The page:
Meet the iPAD: the device that could slay the iPad

iPads have been seized in China over a patent dispute, threatening UK sales, and a computer from 2000 is the reason why.

Could the iPad be banned? Earlier this week, devices were seized in China over a patent dispute, and the same could happen here in the UK. Chinese company Shenzhen Proview Technology claims it owns the name 'iPad' in China, and is trying to ban exports. It's revealed details of its own iPAD computer it released way back in the year 2000 to back up its case, The Wall Street Journal reports.

And here it is. As you can see, it doesn't look much like an iPad, but it does look quite a lot like the original iMac, which was released a couple of years earlier.

Last year a court ruled in Proview's favour. Earlier this week iPads were seized from sale in Shijiazhuang and Xuhou in China, but the dispute could threaten global sales of the tablet. Proview said it would ask customs officials to stop imports and exports of the iPad, which is made in China -- so that iPad 3 launch we're expecting on 7 March ? Might not happen.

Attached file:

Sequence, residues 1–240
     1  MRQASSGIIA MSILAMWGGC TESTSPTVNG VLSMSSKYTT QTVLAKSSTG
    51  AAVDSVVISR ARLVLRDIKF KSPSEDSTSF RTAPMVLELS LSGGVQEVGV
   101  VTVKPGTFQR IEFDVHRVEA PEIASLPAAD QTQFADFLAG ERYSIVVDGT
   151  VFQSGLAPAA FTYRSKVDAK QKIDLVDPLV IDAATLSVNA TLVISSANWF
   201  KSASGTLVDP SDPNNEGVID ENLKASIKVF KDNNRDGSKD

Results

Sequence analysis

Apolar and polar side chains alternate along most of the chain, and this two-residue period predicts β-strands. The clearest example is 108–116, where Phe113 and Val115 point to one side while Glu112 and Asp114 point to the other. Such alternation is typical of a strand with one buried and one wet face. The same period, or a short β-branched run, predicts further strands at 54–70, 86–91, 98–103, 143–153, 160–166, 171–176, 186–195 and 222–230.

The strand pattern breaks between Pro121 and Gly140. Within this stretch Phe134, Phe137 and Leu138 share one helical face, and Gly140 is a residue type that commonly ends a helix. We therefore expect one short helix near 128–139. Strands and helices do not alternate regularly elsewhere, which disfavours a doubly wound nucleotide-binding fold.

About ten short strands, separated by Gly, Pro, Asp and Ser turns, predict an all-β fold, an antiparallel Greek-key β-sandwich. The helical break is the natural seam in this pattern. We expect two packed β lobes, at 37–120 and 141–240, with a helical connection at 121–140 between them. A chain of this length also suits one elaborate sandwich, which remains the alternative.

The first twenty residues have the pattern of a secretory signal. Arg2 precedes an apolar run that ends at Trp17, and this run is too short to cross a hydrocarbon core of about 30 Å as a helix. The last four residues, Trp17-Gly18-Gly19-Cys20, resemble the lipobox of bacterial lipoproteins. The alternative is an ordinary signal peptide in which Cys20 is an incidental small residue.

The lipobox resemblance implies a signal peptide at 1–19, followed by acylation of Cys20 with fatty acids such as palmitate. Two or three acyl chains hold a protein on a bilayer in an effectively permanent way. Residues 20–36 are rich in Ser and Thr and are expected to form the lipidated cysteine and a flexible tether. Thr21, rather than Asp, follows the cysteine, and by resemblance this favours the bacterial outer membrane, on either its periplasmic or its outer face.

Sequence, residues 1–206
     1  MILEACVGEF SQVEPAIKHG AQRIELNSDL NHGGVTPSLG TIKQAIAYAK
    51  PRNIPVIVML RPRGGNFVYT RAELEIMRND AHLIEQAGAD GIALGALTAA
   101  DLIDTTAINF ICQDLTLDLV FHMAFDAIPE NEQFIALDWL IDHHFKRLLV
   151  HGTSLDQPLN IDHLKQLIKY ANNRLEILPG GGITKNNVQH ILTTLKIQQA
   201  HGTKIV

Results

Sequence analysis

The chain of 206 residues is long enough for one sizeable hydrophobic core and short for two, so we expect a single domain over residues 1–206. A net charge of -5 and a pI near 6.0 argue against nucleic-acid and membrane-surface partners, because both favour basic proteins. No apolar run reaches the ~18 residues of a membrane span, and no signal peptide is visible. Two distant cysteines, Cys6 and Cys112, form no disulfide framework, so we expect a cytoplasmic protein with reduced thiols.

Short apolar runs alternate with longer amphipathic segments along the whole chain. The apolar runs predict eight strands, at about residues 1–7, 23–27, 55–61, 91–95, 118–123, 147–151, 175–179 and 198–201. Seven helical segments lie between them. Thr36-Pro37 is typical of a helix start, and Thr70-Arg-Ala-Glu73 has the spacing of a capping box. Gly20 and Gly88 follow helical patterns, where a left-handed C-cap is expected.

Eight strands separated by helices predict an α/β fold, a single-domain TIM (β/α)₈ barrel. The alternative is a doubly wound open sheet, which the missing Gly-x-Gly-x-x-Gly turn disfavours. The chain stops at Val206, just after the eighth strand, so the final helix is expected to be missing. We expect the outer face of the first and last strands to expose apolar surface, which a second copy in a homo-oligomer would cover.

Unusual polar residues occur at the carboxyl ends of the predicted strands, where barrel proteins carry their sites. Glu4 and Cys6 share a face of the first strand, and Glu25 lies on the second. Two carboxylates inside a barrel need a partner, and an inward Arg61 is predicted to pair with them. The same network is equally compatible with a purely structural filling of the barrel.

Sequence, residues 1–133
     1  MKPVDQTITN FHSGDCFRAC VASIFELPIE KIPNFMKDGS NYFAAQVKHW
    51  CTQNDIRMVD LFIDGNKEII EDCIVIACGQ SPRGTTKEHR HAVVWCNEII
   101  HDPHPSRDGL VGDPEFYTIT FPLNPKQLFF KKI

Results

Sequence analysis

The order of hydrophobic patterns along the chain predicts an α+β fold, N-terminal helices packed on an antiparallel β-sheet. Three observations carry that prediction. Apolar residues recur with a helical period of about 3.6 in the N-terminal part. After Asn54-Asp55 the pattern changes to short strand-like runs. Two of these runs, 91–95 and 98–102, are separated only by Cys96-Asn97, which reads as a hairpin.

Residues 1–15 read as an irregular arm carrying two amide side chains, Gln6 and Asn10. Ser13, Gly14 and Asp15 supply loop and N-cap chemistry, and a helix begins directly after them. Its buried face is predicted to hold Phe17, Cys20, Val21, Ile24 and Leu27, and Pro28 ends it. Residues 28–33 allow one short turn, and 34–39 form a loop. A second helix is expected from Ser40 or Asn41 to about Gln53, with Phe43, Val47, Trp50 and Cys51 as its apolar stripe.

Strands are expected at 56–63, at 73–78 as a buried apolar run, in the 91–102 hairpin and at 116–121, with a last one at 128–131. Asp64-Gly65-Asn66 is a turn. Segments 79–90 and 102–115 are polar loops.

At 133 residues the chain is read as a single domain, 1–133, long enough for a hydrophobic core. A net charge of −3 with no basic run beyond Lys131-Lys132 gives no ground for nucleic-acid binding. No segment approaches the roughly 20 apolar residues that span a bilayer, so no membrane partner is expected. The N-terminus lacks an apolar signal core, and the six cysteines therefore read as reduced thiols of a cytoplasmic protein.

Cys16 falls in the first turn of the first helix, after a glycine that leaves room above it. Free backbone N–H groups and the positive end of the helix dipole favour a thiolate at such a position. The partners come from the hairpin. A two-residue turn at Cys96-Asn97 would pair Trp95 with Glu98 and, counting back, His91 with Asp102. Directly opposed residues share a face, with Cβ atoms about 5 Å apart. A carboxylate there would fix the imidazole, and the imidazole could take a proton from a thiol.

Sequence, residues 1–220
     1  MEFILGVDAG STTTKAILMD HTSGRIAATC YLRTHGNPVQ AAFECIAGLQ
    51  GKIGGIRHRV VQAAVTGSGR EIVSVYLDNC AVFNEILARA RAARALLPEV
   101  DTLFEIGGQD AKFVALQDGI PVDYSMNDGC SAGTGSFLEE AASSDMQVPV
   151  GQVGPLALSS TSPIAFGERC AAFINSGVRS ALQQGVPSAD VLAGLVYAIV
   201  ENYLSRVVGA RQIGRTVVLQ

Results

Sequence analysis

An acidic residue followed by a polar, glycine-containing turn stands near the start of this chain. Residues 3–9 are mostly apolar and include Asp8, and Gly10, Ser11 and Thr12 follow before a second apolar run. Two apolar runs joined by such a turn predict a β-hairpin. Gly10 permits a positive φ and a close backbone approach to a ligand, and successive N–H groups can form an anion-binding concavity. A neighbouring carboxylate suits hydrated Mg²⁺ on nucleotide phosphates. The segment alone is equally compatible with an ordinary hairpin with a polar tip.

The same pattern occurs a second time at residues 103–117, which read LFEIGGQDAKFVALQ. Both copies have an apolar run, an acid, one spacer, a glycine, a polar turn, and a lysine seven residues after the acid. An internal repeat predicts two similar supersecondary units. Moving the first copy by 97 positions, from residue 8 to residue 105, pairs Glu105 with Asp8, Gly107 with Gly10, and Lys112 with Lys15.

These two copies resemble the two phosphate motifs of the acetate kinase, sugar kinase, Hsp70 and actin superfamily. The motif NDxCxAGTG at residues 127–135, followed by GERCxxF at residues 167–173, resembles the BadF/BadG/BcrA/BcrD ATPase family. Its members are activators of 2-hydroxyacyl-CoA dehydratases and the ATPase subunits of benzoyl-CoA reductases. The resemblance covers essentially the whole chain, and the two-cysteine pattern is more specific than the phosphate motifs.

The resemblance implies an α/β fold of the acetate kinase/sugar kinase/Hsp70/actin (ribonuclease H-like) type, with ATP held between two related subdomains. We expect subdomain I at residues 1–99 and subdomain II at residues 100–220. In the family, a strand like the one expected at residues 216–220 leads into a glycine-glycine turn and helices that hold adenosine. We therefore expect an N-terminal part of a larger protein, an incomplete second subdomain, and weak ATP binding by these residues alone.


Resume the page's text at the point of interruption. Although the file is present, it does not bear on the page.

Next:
Proview has asked regulators in more than 40 cities to investigate possible trademark violations.

"We have appealed to Apple through its agents to have a settlement, but so far we have not received any response from them," said Xie Xianghui, a lawyer for Proview.

Proview held a press conference where it handed out scans of an advert for the iPAD. It said it spent $30 million on the computer, and produced between 10,000 and 20,000 units from 1998 and 2009, when the dispute with Apple came about. 

It's unclear who's in the right on this one. Proview registered the iPad trademark in 2001, then Apple bought the rights to the name from a Taiwenese affiliate, but Proview claims it still owns the name in China. Apple appealed the court decision last year, so we'll have to wait and see how it works out.

Could this 12-year-old computer kill the iPad? Let me know your thoughts in the comments, or over on Facebook.

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Tablets
About the author

    Joe has been writing about consumer tech for nearly seven years now, but his liking for all things shiny goes back to the Gameboy he received aged eight (and that he still plays on at family gatherings, much to the annoyance of his parents). His pride and joy is an Infocus projector, whose 80-inch picture elevates movie nights to a whole new level.

     

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